Fluoxetine (Prozac) Paroxetine (Aropax) Citalopram (Cipramil)  Serotonin- and Norepinephrine-reuptake Inhibitors
Venlafaxine (Effexor)  Alpha2-delta Ligands
Gabapentin (Neurontin)  Miscellaneous
Odansteron (Zofran)  Atypical Antipsychotics
Olanzapine (Zyprexa) Quetiapine (Seroqual)  Dopamine-receptor Agonists
Pramipexole (Pexola) The use of the above medications is recommended for the treatment of fibromyalgic pain according to the following stepwise treatment protocol:  Confirm the diagnosis o Making the diagnosis is often very helpful for the patient and there is evidence to suggest that it may help reduce morbidity in the long-term o The benign nature of the disorder must also be emphasised as this will further facilitate the patient's ability to adapt and cope with their illness  Identify important symptom domains and their severity (pain, sleep disturbance, fatigue) and level of function  Evaluate co-morbid medical and psychiatric disorders (sleep apnoea, osteoarthritis, depressive or anxiety disorders  Assess psychological stressors, level of fitness, barriers to treatment  Provide education about fibromyalgia and CFS  Review treatment options  Recommend treatment based on the results of the individual's evaluation  For patients with moderate to severe pain offer a trial of medication as a first line  Start with a trial of selective serotonin and norepinephrine reuptake inhibitor (not recommended as monotherapy for patients with fibromyalgia and co-morbid bipolar  In patients with prominent sleep disturbance or anxiety offer a trial of alpha 2-delta  If there is only a partial response to mono therapy with SNRI or alpha 2-delta ligand then commence with a trial of a combination of these agents  If there is no response to the above approach then consider other medications i.e. SSRI, TCA, or a combination of SSRI with low dose TCA, or a combination of SSRI and an alpha 2-delta ligand  Avoid drugs with a high likelihood of abuse or dependence  Treat co-morbid conditions (Non steroidal anti inflammatory drugs for osteoarthritis, continuous positive airway pressure for sleep apnoea)  Adjunctive CBT for patients with prominent psychosocial stressors.  Exercise prescribed according to fitness level (30-60 minutes of low moderate intensity aerobic exercise at least 2-3 times a week)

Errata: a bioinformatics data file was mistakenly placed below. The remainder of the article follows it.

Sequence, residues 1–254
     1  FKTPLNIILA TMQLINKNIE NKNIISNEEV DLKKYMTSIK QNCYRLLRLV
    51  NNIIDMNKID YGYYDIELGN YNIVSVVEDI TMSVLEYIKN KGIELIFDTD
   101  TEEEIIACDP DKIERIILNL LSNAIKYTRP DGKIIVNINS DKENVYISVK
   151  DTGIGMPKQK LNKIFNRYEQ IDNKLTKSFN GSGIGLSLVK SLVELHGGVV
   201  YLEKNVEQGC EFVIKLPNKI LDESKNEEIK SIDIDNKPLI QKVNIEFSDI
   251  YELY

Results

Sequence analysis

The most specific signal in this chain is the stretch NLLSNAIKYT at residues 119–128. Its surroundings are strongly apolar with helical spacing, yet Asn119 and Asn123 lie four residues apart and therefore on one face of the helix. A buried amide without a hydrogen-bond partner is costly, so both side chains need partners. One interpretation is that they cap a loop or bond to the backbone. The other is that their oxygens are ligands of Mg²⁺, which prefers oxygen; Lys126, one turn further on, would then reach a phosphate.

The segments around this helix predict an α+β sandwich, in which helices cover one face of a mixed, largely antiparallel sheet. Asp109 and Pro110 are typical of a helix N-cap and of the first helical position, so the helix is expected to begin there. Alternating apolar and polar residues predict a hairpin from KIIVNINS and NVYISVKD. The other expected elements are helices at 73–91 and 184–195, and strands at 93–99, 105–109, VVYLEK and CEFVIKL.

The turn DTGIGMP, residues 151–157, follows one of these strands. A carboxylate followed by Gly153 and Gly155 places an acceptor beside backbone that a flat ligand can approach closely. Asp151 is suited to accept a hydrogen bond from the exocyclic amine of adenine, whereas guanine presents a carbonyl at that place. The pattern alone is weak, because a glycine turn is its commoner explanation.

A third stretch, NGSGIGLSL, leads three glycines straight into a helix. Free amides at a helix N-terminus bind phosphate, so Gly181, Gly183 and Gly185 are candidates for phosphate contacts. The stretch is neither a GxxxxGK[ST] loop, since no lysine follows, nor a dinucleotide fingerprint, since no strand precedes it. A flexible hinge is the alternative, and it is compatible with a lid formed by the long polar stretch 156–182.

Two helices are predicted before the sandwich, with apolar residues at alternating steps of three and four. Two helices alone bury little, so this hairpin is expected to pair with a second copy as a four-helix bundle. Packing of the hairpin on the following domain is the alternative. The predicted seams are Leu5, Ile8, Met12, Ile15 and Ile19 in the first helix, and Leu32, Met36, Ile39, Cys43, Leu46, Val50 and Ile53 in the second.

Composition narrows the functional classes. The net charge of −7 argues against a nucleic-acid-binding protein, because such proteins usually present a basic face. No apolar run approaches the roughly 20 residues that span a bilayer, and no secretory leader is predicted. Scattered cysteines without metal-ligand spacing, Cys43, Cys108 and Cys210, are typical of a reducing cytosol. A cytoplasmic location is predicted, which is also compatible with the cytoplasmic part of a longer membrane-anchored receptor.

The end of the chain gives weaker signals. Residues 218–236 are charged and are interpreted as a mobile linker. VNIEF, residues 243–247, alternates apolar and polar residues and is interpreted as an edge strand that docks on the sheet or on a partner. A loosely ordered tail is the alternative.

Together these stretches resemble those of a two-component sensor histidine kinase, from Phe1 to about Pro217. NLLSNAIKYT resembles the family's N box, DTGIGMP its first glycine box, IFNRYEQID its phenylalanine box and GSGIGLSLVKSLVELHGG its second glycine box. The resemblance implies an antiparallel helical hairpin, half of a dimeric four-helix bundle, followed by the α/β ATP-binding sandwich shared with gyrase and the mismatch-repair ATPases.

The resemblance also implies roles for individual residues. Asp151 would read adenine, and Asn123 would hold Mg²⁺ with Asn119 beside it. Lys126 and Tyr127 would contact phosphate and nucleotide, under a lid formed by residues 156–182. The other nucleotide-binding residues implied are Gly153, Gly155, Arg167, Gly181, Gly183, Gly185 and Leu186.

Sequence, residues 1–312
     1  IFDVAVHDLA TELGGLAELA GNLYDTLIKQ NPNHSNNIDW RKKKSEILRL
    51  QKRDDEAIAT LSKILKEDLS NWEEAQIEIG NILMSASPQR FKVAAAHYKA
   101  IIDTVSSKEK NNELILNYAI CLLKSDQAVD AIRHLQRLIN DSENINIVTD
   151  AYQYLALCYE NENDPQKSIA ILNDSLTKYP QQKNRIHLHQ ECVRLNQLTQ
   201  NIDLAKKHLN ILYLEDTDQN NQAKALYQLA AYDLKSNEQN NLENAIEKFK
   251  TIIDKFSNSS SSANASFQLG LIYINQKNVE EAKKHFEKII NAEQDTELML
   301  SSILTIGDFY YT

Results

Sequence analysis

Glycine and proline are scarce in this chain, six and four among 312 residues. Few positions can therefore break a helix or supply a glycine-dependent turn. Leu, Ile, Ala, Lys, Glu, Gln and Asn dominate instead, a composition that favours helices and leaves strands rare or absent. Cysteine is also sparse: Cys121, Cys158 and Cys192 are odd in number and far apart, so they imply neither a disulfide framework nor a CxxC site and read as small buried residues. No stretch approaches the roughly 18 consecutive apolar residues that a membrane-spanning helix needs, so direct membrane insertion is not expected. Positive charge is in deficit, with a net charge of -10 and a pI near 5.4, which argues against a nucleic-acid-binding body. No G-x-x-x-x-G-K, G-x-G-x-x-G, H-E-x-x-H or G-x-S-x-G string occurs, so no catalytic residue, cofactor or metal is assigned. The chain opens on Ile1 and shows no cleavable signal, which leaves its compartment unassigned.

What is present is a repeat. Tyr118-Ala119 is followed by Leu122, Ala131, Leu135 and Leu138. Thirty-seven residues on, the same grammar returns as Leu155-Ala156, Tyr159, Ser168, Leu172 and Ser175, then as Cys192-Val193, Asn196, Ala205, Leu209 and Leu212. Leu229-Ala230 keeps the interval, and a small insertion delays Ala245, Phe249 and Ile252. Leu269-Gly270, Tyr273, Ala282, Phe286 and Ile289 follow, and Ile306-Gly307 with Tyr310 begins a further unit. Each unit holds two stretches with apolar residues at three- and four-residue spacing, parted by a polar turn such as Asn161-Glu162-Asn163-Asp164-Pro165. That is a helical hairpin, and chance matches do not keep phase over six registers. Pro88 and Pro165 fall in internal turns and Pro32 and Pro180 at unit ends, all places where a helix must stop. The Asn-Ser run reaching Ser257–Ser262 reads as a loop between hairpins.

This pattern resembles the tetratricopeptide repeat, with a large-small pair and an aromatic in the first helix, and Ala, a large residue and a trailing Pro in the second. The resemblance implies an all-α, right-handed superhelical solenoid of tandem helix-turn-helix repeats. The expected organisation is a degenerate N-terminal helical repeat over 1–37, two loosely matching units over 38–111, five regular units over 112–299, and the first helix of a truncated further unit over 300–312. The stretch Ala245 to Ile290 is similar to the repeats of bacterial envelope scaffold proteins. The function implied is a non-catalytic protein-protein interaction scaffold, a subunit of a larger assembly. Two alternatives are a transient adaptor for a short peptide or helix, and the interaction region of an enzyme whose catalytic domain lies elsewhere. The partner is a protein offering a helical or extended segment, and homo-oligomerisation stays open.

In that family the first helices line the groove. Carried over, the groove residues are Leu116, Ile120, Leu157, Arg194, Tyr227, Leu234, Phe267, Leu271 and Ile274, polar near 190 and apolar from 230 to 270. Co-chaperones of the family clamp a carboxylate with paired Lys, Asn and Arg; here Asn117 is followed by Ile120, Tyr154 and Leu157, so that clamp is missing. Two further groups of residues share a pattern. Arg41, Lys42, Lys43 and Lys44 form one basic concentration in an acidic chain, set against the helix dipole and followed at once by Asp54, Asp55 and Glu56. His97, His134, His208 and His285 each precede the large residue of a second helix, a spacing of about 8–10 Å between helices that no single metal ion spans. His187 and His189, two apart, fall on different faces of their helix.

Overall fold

Prognosis
By definition all patients with fibromyalgia and CFS are impaired although this does not
necessarily equal disability. The US Department of Health and Human Services notes that many
patients may be able to adapt by consulting with their employers and rehabilitation specialists.
Long term outcomes of fibromyalgia and CFS cannot be predicted in individual patients. In patients with CFS characterised by acute onset illness (often after an infection) many appear to improve after 2 years whereas those with fibromyalgia and gradual onset CFS may experience a prolonged illness characterised by remissions and exacerbations. Symptom improvement is still possible in people who have been ill for many years.
Claims Assessment Considerations